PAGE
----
“There had been a change in the producer who was the head of the studio, and because I had supported the previous producer when ABC was trying to kick her out, he called me up to the office his first day on the show and said, 'You're the only person in the entire cast who has not congratulated me on becoming the producer.'
"He made it clear that we were enemies, and with every single thing that happened in relation to that storyline, I was made to pay," Ms. Holly recalls.
“First of all, they cast the only person I had asked them not to cast [to play opposite me]. [The producer] even called me up to his office beforehand, and told me, 'I'm about to cast this gentleman (he said his name) in the role of Jack Scott.' I said, 'I wish you wouldn't! Please, I can tell immediately, like oil and water, it's just not going to work. No fault of his, no fault of my, but I can tell from the audition, it won't work. This is going to be deadly.'"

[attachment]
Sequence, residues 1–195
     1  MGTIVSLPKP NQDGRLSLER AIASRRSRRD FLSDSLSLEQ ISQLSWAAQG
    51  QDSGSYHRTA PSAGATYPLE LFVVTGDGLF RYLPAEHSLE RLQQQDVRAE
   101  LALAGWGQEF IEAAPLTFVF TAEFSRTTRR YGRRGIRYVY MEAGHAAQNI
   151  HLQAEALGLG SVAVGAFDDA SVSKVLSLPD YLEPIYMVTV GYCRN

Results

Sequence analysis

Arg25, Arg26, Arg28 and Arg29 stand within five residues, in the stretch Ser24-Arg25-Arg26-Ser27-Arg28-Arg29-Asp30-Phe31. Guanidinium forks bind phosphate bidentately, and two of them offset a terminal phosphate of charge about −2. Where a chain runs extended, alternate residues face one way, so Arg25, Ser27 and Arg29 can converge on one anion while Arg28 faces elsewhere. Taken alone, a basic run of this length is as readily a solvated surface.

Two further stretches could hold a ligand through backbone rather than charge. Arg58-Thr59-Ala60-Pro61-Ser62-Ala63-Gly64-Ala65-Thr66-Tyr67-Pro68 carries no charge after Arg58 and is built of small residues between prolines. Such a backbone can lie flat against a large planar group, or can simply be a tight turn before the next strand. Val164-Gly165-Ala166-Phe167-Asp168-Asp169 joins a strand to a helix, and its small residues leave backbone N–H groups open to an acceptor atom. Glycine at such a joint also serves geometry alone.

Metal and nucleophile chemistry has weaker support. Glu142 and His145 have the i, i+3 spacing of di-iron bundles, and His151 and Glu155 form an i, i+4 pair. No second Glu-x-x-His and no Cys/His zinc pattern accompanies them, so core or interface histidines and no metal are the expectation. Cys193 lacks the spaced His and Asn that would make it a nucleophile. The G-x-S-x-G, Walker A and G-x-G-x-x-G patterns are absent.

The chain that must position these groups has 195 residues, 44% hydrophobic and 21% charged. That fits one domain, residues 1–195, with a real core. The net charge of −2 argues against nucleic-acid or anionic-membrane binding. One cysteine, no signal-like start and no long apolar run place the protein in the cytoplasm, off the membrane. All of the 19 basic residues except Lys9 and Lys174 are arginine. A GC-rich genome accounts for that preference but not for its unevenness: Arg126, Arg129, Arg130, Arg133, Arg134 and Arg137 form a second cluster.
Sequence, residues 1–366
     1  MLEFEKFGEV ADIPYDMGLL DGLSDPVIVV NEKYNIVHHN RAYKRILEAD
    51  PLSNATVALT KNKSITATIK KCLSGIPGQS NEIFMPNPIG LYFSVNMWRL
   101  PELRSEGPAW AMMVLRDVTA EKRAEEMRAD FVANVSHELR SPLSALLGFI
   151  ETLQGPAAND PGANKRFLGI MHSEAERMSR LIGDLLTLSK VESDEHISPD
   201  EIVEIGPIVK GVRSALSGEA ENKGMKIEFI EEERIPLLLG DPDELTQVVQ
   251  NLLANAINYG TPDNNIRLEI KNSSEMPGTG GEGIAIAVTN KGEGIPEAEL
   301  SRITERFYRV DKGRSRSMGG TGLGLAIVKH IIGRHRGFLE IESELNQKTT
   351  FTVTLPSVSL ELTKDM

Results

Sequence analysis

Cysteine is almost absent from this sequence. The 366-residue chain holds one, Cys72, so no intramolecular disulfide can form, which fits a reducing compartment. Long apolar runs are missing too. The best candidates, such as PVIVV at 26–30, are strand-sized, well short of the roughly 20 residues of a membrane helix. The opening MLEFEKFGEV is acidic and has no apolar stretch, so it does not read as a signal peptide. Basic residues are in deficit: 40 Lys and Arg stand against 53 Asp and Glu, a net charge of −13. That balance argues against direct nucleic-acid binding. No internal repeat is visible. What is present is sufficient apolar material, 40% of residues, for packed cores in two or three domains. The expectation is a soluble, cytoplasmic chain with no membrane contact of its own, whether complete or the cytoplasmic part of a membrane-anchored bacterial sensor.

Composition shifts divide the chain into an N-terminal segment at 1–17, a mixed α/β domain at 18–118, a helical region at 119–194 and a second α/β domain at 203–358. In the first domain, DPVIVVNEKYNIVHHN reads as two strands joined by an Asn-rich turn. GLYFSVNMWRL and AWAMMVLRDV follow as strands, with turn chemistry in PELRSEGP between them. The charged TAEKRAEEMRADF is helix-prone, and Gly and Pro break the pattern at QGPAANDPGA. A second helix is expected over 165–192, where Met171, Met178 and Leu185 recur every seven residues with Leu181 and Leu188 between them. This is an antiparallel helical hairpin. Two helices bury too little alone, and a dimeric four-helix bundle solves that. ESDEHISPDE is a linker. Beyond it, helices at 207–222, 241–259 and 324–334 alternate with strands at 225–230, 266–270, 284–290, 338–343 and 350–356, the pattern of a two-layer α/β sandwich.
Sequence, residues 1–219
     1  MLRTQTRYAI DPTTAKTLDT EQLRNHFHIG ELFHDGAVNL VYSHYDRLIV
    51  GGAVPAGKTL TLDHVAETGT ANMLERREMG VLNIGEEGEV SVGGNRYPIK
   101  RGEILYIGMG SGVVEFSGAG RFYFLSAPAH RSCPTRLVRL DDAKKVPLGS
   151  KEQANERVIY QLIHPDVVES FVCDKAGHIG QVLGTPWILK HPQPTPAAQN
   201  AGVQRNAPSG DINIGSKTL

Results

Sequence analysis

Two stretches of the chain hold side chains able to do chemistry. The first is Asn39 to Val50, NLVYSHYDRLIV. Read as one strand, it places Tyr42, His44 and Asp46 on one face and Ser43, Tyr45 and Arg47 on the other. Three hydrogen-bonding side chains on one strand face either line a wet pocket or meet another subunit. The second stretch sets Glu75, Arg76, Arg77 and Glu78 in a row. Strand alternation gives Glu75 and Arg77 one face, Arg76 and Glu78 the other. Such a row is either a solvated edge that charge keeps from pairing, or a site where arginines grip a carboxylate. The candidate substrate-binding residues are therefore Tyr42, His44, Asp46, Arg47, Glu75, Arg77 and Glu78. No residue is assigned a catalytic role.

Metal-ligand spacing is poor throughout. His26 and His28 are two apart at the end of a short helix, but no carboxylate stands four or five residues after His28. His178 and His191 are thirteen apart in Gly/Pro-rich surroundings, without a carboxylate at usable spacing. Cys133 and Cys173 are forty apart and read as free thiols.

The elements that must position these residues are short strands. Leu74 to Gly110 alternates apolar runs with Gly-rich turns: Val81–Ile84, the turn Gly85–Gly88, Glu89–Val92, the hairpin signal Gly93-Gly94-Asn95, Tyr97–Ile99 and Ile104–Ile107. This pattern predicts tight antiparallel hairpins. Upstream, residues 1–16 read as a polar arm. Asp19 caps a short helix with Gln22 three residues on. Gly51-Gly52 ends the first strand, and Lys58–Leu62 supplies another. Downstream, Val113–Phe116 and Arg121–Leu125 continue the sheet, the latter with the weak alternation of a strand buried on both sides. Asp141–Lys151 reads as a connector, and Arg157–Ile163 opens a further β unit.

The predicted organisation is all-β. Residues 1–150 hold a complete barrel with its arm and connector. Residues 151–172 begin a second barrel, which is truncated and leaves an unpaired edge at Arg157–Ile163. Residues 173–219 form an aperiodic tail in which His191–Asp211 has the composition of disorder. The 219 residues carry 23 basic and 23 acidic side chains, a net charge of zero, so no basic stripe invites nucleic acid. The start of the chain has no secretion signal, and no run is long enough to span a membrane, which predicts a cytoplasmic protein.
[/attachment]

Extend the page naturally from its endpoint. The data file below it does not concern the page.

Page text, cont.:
“His response was, 'That's too bad, I'm going to do it.'"
“I had been so good, because I know men don't like tears, they feel like it's dirty pool. Not these days, of course, I mean, everybody's crying!” she laughs.
“Including all our politicians! But back then, the guys didn't do it, just the girls. But I really started crying. I said, 'Don't do this, please, I'm not only the person that has to play opposite this guy, I'm the writer who created the character!' His response was, 'Well, there are times when we know better. That's the way it's going to be, so get yourself together.'”